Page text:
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Due to inclement weather, the Zoo is CLOSED TODAY, August 4.

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James Hassell, Ph.D., B.V.M

Keller Family Secretarial Scholar
B.S., B.V.M., M.S., Royal Veterinary College; Ph.D., University of Liverpool

Dr. James Hassell’s research combines ecology and epidemiology to study the connections between environmental change, wildlife and human health. As Skorton Scholar to the Global Health Program, he leads and advances the program's work in Kenya, which looks to combine capacity building with cutting-edge research to mitigate risk at the interface between wildlife, livestock and human health. Through his work with GHP, Dr. Hassell aims to promote the conservation of species and their ecosystems, while protecting human and wildlife health.

Topics he is currently working on include:

  • Population heath and diseases of eastern black rhinoceros

  • The role of wildlife in the emergence of pathogens and antimicrobial resistance in urban settings

  • Toxicology training to mitigate poisoning of African carnivores and vultures

  • The ecology and epidemiology of viral pathogens in bats

  • Wildlife health training programs in East Africa

Dr. Hassell received his Bachelor of Veterinary Science and Medicine from the Royal Veterinary College, before pursuing a master's degree in wild animal health. He completed his doctorate in epidemiology with the University of Liverpool and International Livestock Research Institute, investigating the role of urbanization on the ecology and epidemiology of disease transmission between wildlife, livestock and humans in Nairobi.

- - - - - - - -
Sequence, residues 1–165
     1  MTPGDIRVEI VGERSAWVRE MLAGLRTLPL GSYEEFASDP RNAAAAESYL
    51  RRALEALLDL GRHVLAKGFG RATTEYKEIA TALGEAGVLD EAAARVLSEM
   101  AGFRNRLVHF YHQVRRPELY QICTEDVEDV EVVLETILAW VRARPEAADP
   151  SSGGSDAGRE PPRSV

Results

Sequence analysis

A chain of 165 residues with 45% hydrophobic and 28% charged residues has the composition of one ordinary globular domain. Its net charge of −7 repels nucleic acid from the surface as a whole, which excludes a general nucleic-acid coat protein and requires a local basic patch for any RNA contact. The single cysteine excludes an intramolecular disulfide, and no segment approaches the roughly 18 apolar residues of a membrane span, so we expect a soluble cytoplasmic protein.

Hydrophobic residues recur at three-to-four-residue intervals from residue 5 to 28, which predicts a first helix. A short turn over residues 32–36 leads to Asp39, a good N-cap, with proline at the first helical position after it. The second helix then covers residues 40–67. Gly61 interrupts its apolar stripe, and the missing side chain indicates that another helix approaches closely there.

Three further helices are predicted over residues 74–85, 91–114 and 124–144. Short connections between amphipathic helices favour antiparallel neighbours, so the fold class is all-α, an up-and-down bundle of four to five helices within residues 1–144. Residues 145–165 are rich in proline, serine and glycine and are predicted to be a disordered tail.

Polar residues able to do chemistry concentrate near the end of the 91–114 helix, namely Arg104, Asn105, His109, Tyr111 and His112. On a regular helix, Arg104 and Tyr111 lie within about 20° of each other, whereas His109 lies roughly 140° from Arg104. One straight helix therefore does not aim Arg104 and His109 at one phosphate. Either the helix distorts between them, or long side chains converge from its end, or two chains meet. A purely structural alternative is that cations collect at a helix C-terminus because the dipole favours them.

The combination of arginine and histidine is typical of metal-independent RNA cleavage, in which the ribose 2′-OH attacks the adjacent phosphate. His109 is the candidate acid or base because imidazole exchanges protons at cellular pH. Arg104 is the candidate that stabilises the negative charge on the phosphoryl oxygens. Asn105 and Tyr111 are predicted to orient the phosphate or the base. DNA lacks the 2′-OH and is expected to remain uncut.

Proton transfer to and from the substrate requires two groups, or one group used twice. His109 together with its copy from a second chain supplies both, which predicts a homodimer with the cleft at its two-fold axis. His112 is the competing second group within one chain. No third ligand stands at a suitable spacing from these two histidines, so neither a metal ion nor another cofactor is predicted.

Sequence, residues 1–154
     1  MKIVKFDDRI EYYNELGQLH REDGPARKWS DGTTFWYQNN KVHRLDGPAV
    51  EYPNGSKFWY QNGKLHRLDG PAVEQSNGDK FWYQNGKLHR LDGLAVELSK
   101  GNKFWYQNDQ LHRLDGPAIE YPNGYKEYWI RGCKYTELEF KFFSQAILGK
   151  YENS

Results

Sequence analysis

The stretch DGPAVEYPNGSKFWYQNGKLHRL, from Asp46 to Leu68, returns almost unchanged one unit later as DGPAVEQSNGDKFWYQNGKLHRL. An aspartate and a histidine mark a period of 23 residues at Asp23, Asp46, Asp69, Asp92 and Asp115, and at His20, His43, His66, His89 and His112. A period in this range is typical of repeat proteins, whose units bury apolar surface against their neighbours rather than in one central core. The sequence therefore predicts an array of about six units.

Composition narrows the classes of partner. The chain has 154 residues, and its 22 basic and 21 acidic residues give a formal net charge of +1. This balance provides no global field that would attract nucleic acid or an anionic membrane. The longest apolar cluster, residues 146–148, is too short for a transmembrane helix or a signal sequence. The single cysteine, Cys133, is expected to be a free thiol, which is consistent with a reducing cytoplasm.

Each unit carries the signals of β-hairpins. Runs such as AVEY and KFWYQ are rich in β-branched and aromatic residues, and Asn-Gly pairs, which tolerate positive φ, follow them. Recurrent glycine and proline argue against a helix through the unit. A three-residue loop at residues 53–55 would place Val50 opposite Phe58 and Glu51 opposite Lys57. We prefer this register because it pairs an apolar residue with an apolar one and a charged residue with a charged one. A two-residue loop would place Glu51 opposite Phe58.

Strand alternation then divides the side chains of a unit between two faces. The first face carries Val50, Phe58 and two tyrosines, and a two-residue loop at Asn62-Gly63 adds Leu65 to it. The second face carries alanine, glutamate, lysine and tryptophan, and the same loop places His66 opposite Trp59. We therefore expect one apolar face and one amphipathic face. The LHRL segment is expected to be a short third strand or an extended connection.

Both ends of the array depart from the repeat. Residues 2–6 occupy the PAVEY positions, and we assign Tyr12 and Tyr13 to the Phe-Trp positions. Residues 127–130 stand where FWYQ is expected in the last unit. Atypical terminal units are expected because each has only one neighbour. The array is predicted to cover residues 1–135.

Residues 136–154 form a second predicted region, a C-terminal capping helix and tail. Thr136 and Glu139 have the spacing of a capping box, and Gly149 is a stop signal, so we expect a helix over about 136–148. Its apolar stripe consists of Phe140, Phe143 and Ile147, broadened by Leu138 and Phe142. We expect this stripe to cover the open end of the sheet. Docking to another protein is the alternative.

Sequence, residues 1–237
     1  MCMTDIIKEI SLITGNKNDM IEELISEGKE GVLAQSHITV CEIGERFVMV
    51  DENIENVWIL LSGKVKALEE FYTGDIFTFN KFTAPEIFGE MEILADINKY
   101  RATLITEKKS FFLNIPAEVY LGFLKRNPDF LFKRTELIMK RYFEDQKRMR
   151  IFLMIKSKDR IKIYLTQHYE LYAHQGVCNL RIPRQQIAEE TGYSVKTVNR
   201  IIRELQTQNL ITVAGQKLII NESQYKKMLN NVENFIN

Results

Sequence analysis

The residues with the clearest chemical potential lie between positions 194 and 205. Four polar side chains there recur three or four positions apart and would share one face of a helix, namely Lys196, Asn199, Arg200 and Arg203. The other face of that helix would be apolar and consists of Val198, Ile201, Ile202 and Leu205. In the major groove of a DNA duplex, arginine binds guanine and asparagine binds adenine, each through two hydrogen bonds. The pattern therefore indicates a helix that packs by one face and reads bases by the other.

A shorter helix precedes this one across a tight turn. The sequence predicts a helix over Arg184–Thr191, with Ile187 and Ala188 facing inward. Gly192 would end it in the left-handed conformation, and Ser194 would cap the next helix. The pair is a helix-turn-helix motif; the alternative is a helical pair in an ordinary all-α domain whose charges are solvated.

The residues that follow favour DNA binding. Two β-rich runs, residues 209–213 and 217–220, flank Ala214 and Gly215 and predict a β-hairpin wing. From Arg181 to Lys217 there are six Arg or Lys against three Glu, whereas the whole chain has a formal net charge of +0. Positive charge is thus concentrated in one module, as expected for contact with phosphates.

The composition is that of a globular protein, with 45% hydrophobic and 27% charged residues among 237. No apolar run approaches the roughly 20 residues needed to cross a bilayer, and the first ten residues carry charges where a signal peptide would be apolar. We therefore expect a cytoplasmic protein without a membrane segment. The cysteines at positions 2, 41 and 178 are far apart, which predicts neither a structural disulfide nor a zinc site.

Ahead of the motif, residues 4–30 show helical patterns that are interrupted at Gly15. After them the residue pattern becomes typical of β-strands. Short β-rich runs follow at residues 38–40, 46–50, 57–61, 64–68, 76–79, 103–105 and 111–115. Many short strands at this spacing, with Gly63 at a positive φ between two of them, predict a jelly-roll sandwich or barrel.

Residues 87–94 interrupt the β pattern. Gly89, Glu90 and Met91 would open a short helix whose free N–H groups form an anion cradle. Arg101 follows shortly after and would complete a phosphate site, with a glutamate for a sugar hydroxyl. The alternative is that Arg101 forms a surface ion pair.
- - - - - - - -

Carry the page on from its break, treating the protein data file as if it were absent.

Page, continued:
Dr. Hassell has been based in Kenya for the past five years and is currently enrolled in a zoological medicine residency with a focus on wildlife population health through the University of Liverpool School of Veterinary Science.

Recent Publications: 

Hassell, J.M., Ward, M.J., Muloi, D., Bettridge, J.M., Robinson, T.P., Kariuki, S., Ogendo, A., Kiiru, J., Imboma, T., Kang'ethe, E.K., Öghren, E.M,, Williams, N.J., Begon, M., Woolhouse, M. E. J. & Fèvre, E.M. 2019. Clinically relevant antimicrobial resistance at the wildlife–livestock–human interface in Nairobi: an epidemiological study. Lancet Planet. Health. 3, e259–e269.

Hassell, J.M., Ward, M.J., Muloi, D., Bettridge, J.M., Phan, H., Robinson, T.P., Ogendo, A., Imboma, T., Kiiru, J., Kariuki, S., Begon, M., Woolhouse, M.E.J. & Fèvre, E.M. 2019. Deterministic processes structure bacterial genetic communities across an urban landscape. Nat. Commun. 10.

Hassell, J. M., Begon, M., Ward, M. J., & Fèvre, E. M. 2017. Urbanization and disease emergence: dynamics at the wildlife–livestock–human interface. Trends in Ecology & Evolution32(1), 55-67.

Hassell, J. M., Zimmerman, D., Cranfield, M. R., Gilardi, K., Mudakikwa, A., Ramer, J. & Lowenstine, L. J. 2017. Morbidity and mortality in infant mountain gorillas (Gorilla beringei beringei): A 46‐year retrospective review. American journal of primatology79(10), e22686.

Projects: